Hello once again from Flagstaff. I’ll head back to Vegas later today.
My groin didn’t feel great last night due to a separate issue, probably because I had the strap misfitted during the morning excursions. Without getting into specifics, certain parts were a bit sore from apparently being pinched, and I decided not to do any further workouts in Flagstaff this weekend.
Instead, after a nap, I felt good enough to go out last night for a walk to Downtown, and after a drink spent some time wandering around.
That itself felt fairly enjoyable, though as I’ve mentioned before my body nowadays doesn’t like alcohol very much. I didn’t sleep much or sleep great, and after waking up I uncharacteristically decided to sleep in a bit before rising. Yesterday’s issue felt better but my adductor itself (the prior groin problem) still felt sore, so I stuck to my plan not to go run. I packed up and checked out shortly after 6am before heading out to breakfast and coffee.
Tomorrow I have a scheduled off day from training, and I think with today I’ll make it back to back full days off to see if today’s soreness will resolve. I’m even open to not training for several days, and doing other exercise in the interim.
My hamstring still feels lingering but slight deep tissue soreness. Otherwise it feels better. I can still stand and balance on my left leg just fine. I think at this point, especially with illness going around all over, full rest is going to do me better overall than any light training the next couple days. I want to see if it can just fully heal up.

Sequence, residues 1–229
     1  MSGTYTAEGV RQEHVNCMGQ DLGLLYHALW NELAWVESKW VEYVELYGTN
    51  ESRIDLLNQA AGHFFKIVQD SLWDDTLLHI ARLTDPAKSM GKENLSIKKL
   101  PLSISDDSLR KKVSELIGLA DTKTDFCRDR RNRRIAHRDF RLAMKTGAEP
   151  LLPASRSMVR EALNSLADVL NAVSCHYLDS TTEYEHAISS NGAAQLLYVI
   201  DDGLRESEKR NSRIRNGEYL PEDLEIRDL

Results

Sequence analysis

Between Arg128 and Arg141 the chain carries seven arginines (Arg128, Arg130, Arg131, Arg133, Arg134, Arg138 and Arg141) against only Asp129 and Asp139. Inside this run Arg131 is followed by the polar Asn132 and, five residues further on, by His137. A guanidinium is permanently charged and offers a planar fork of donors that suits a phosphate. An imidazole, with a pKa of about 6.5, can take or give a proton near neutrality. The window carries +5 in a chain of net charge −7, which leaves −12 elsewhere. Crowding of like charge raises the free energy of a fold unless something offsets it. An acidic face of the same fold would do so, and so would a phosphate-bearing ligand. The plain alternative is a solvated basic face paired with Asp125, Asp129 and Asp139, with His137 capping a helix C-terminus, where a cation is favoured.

I just got and am reading Easy Interval Method by Dutch runner Klaas Lok. It’s the first time in a bit I’ve ordered a print version of a book, as there’s actually no Kindle version. The book itself is only 154 pages long and densely packed with text.
Lok’s Easy Interval Method is adapted from the teachings of late running coach Herman Verheul, a unique approach to training where pretty much all your training centers around a moderated volume of measured, moderate-to-high intensity intervals, and much less steady state running. Allegedly a variety of top runners, including recent Kenyan gold medalist Faith Kipyegon, have employed the approach with excellent results.
Lok argues that steady state running, while good aerobically, also reduces your “reactivity”, your ability to run fast, in the long run. At the same time, many runners train so hard so often that this too reduces their ability to run fast.
So Lok sets out a methodology that splits the difference, having you run faster-than-easy intervals more often, but also not running as much as the killer 10+ daily mile, double day, high volume weeks that seasoned runners do. His plans feature a lot of stuff like 400m-1000m repeats run a few seconds slower than you’d run them in other methods, typically with walking breaks and stops rather than fully jogging out the breaks (he only has you full-jog the breaks if training for longer races like the marathon).
I spent much of yesterday reading through the book, and (especially with where I’m at now after the setbacks) I can see myself adopting this approach going forward. I do note that my issues occurred after my 12 mile paced treadmill session, which was fairly challenging.
If there’s a better way to work on developing my velocity and endurance at distance, while taking one or more rest days each week (his planning has you take as many as 4 days off during the week), I am open to trying it. If this somehow works out for Indy in November, I may become a convert.
As mentioned, I’ll have today and tomorrow off at least before making any adjustments to training going forward. Then again, training’s already had to adjust: I haven’t run more than 5K in over a couple weeks, and I’ve had to cross train in the interim to maintain aerobic fitness.
I’ll be hanging out in Flagstaff a bit before taking the drive west back to Vegas. More to come.